2. Obviously, G&T program is not so helpful for the students, who are not admitted to the program. At best, Gifted and Talented is a misnomer with some destructive qualities. Antonym for Gifted and Talented is Ungifted and Untalented, to figure which out, kids don’t have to be truly Gifted and Talented. For potentially benefiting a handful of children, we are jeopardizing the self esteem of the vast majority of others. The easiest but significant change the schools can make is to rename this program something else along the lines of, “Competitive Education Program”. But not Gifted and Talented – please.
  3. Moreover, Gifted and Talented is a statistically inaccurate description. In any given society, the number of “gifted” individuals is far and few. In a normally distributed dataset, you can’t expect to have 10-15% of the population displaying true giftedness. (What is true giftedness, anyway.)

Schools, teachers and educators should not be in the business of labeling and classifying their students. Instead, they should get busy building passion and perseverance in students right from their early stages of development.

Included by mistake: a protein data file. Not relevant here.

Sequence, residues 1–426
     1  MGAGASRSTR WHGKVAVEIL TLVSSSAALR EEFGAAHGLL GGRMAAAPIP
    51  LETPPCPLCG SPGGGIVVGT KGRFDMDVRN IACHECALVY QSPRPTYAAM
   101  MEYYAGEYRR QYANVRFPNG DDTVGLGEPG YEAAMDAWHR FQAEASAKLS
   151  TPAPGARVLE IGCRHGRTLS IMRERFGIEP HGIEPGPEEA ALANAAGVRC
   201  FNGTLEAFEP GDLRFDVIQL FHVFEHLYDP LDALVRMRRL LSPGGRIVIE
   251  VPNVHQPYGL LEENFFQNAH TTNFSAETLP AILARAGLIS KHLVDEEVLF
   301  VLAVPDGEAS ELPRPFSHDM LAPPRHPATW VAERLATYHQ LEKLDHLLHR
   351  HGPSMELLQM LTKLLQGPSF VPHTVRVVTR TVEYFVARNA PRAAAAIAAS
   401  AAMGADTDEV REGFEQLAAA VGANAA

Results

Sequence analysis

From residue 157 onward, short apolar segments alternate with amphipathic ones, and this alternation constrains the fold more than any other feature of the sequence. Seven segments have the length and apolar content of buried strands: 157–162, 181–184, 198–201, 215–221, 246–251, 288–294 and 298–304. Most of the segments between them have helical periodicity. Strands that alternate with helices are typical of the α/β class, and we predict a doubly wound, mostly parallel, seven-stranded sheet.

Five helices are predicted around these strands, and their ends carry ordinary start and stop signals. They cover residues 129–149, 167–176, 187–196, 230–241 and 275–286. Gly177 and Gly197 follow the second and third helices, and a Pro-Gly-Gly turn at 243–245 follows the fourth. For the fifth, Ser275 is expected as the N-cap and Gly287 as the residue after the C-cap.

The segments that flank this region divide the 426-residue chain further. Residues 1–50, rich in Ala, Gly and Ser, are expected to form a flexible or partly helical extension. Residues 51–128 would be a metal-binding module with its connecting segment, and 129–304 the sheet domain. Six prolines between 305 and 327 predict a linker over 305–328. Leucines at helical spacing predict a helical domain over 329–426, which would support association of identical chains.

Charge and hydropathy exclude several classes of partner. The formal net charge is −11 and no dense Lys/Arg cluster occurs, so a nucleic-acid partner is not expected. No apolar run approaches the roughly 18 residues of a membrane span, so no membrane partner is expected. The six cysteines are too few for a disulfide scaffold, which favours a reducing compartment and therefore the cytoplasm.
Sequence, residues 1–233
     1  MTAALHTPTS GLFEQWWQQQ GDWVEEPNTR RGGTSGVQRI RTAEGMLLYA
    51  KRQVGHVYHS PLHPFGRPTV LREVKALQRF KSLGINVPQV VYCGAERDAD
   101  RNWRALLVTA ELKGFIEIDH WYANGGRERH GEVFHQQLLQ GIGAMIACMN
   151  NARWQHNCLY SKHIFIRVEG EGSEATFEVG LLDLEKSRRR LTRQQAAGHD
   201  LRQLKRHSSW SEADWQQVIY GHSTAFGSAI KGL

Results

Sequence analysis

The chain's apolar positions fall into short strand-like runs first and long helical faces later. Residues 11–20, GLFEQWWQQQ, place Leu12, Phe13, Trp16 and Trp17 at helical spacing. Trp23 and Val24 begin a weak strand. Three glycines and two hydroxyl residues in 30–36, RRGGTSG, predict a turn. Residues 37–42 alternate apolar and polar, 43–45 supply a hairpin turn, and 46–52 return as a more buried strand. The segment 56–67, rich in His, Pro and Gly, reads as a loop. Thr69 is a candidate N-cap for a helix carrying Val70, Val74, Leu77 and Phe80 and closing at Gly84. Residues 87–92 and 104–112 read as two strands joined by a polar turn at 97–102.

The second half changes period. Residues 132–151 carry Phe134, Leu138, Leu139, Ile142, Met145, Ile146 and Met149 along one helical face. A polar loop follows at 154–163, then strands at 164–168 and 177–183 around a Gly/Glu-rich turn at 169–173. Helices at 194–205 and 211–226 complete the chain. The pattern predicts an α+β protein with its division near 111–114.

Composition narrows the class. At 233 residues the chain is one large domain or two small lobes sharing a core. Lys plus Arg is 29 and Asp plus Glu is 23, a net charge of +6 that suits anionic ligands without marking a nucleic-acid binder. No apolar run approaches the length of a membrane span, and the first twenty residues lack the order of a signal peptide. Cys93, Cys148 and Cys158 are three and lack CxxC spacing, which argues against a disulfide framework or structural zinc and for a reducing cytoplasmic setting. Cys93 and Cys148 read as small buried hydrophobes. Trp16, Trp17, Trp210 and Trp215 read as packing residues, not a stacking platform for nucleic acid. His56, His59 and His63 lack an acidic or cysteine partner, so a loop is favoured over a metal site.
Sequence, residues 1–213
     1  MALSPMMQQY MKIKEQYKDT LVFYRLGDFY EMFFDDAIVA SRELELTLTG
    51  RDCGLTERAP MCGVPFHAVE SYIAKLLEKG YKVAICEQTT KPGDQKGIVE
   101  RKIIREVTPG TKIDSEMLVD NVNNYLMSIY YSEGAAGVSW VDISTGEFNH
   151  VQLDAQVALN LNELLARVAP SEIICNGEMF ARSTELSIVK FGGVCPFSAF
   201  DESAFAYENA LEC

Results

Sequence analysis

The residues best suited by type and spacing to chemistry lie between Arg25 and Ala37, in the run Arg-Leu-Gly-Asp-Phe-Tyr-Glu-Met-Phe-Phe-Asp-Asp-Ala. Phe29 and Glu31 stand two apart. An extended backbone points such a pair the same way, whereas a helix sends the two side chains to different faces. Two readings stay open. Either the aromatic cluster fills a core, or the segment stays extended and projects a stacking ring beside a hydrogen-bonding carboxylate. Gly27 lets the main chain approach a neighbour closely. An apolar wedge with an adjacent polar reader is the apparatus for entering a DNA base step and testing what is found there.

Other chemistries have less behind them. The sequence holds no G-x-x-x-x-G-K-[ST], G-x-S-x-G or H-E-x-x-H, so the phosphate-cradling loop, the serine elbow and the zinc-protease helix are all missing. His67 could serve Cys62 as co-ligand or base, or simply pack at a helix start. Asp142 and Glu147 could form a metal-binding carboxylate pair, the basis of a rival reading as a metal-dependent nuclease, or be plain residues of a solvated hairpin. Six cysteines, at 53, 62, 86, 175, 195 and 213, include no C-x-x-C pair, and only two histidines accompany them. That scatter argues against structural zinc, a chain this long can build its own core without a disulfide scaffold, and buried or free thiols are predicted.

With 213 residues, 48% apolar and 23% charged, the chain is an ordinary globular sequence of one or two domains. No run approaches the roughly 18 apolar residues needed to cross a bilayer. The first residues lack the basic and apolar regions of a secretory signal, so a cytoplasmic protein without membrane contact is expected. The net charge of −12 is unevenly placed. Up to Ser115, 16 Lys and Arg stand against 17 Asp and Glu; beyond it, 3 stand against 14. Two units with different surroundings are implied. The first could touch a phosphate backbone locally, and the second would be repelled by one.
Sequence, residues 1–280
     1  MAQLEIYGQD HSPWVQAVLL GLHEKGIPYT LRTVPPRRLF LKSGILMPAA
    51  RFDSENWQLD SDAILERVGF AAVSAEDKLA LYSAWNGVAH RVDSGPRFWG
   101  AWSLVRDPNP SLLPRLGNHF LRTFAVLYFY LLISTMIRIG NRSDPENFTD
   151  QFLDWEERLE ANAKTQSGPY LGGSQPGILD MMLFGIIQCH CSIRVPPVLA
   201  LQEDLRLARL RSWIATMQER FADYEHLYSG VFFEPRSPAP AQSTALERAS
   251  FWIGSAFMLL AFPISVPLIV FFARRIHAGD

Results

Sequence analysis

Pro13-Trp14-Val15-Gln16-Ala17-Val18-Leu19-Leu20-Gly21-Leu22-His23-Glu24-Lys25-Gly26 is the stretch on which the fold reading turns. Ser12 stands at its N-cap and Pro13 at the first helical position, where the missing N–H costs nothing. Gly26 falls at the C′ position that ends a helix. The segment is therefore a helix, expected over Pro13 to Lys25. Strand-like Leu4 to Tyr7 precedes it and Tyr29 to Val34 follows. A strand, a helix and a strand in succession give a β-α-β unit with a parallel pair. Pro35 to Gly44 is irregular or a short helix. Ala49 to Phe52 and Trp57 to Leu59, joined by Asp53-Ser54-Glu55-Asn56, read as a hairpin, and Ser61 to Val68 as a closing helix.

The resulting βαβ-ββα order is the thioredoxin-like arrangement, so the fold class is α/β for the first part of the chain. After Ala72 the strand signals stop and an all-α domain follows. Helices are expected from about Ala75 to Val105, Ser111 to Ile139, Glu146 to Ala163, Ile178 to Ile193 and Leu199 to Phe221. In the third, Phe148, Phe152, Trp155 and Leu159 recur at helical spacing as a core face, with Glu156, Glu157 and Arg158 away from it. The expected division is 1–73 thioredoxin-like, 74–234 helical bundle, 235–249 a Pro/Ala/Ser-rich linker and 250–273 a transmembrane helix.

It is October and the weather turns colder. It is also the time of the year, we have school board elections. This is something that the new board can consider changing as a first step.

Elementary School America is in a competition frenzy. Unfortunately for now, in a wrong headed fashion.

What should Windows do

Well, the title of the post should have been “What should Microsoft do”, but right now I am not interested in talking about Microsoft Office or XBox or Bing. For our discussion, I prefer to treat “Windows” as a stand-alone organization.

In all those places I have worked, I was required to use Windows desktops. At home, we own a couple of devices running different flavors of Windows. I am not planning to decommission Windows anytime soon from my life. As a long time Windows customer – albeit a reluctant one at times – I am worried about its future.

The announcement of new Windows (Windows 10) created a reasonable amount of social media buzz and somewhat lukewarm expectations from (once) software giant. The twitter crowd started joke-streaming the popular elementary school humor of “7 ate 9″.

The release schedule is going to be late 2015 – TBD. To Be Decided is the problem that Microsoft lately has. Looking around we can see that the industry has shifted to rolling out major versions of software at least once every year. Customers became more savvy of nuances of the feature set that their favorite OS vendor brings in. Millions of people started watching Apple / Google / Samsung launch events.